Column: Bergtatt and the Mountainborne Faith

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While I may live in a relatively tiny city by most standards, my Norwegian hometown of Tromsø, with just over 70,000 inhabitants, still has all the characteristics of a much larger metropolis, including a unique architectural heritage. While some of the town’s most famed constructions are old wooden wharfs and shoddy fishermen’s cabins, the one building that is maybe the most closely associated with the image of the city is, as it is often the case with other cities in Europe, its church: the Arctic Cathedral.

Theodor Kittelsen, Eko (Echo), 1888 [Wikimedia Commons]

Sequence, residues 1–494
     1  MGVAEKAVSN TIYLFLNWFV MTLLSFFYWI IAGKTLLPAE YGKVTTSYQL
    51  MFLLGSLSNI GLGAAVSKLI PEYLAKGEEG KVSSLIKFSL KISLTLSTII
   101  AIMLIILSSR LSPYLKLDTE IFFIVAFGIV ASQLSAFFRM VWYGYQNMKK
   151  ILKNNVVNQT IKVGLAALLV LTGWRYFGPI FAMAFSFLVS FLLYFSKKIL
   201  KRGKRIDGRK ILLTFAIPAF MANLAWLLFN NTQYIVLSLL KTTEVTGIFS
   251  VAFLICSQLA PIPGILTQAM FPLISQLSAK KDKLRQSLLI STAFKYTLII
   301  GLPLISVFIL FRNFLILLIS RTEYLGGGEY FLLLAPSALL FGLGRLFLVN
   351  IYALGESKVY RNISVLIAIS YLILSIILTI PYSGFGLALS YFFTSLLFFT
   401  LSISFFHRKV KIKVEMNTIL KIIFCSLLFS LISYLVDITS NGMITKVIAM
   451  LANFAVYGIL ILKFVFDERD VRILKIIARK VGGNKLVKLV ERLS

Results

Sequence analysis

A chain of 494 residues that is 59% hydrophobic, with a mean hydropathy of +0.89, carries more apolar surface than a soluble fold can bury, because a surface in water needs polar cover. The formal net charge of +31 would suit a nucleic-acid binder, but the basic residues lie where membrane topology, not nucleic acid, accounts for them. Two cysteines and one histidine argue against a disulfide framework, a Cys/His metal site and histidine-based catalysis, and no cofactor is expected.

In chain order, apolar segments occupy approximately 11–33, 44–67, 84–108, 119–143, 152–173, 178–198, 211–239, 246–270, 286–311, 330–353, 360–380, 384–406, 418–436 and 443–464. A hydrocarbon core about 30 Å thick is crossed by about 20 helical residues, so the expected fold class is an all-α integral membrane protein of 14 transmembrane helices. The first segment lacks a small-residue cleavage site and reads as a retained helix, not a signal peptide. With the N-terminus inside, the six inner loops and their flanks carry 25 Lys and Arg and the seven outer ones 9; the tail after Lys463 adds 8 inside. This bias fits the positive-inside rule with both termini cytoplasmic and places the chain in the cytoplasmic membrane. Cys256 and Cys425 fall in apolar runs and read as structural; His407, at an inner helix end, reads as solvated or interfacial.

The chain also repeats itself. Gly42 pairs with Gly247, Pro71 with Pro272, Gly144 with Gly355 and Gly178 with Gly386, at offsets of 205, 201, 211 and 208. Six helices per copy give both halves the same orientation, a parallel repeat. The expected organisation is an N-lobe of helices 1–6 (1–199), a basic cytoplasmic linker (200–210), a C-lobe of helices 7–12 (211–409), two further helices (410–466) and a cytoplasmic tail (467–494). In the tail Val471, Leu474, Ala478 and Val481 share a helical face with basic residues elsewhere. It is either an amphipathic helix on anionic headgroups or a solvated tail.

Theodor Kittelsen, Eko (Echo), 1888 [Wikimedia Commons]

Designed and built in 1965 by the Norwegian architect Jon Inge Hovig, the church, which is in fact not a cathedral but a “mere” parish church, was thought of from the start as a symbolic focal point for the town. Located across the bridge leading to the mainland, the church, which can be seen from any point in the city center, attracts tens of thousands of visitors every year who come to gaze at its inspired architecture or attend one of the numerous concerts organized daily in its main hall.

The Arctic Cathedral is, by all means, a beautiful building. I have myself taken thousands of tourists there and only ever gotten one negative response; this was from an 85-year-old Belgian guest who claimed not to like structures that were younger that him. Still, the Arctic Cathedral, besides being a welcome addition to the urban landscape of the city, is also a potent reminder of the state of the religious landscape in the country and, to some extent, Europe.